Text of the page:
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Citizens United v. FEC: A Huge Step Back in Campaign Finance

I didn’t know much about the issue of campaign finance until I listened to NPR’s Embedded podcast’s series of episodes on Senator Mitch McConnell (it’s a great series and a great podcast, by the way). I won’t spoil it much because Embedded tells the story really well, but the series delves into the feud between John McCain and Mitch McConnell, the McCain-Feingold Act, and the 2010 Citizens United v. FEC court decision—all of which were about campaign finance laws. Reading about campaign finance in a textbook reading for my politics class has refreshed and expanded my learning from the podcast series.

Here’s the gist of how campaign finance laws work: the Federal Election Commissions imposes certain limits on the amount of money an individual, interest group, Political Action Committee (PAC), et cetera can give to a candidate or party (Kollman 512). This money is called hard money because it is donated directly to a candidate or party, while soft money is donated to groups such as “super PACs” who spend it to support a candidate, party, or ideological stance without directly giving it to a candidate (Kollman 513). While people can get around many of the legal regulations on individual donations to candidates through PACs and less formal “bundlers,” Citizens United changed the game by allowing anyone, including corporations and unions, to give an unlimited amount of money to super PACs (Kollman 512–513). I remember from Embedded that this decision also allowed big donors to make their donations anonymously.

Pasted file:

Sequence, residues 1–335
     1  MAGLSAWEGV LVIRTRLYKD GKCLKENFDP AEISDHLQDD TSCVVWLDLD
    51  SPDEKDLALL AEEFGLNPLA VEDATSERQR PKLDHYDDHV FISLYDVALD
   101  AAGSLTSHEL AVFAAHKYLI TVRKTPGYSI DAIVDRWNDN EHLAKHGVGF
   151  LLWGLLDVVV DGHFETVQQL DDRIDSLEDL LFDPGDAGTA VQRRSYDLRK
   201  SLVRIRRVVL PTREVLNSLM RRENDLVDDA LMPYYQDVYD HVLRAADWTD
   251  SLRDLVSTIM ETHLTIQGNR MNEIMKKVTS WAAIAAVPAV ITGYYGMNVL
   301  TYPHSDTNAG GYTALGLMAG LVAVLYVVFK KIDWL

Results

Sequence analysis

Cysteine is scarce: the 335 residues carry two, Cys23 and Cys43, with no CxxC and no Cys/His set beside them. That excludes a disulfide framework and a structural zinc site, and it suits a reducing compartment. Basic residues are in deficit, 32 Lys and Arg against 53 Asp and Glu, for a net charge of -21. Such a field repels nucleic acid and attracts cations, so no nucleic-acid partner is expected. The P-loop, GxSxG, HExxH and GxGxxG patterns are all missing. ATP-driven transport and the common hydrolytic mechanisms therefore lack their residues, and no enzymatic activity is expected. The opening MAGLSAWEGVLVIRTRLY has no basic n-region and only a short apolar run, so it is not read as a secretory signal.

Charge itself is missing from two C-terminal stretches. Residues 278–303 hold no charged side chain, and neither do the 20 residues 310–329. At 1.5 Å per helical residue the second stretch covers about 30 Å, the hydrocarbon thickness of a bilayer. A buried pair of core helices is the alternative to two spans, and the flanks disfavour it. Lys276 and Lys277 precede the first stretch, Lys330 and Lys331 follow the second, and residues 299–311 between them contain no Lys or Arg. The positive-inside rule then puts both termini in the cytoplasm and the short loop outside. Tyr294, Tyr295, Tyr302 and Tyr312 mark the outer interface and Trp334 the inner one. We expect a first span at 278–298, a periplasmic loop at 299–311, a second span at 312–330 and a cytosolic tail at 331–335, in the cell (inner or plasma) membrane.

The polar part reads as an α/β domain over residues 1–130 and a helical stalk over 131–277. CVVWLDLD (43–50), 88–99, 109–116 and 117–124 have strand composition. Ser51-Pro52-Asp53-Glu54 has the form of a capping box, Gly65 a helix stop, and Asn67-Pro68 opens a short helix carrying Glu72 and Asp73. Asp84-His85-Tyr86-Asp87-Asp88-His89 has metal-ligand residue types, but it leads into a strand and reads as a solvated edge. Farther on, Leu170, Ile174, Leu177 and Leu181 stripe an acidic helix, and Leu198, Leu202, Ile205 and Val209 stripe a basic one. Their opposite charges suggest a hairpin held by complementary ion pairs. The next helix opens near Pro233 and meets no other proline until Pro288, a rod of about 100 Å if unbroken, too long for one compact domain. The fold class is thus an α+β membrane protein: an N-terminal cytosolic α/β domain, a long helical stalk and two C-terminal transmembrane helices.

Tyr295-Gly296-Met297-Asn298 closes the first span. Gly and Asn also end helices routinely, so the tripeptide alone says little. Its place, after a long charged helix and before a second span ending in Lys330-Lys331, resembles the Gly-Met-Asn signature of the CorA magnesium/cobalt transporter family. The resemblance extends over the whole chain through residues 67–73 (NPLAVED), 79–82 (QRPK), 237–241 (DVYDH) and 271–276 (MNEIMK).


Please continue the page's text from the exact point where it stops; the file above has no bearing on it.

My textbook says we don’t really know how Citizens United will affect election outcomes yet, I don’t think it’s great news for voters (Kollman 514). Some people, like Mitch McConnell, argue that political donations should be a protected form of speech, but that doesn’t sit right with me. Anyone can speak their opinion on something in words, but if money = speech, then some people get a lot more speech than others.

Seriously, check out that podcast series from Embedded about Mitch McConnell to not only learn about the history of campaign finance laws, but also about the effects that companies can have on politics.

Textbook Resource

Kollman, Ken. The American Political System. 3rd ed., W. W. Norton & Company, Inc., 2017.



Christian, writer, Eagle Scout, and Drake University Class of '24.

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Andrew Kennard

Christian, writer, Eagle Scout, and Drake University Class of '24.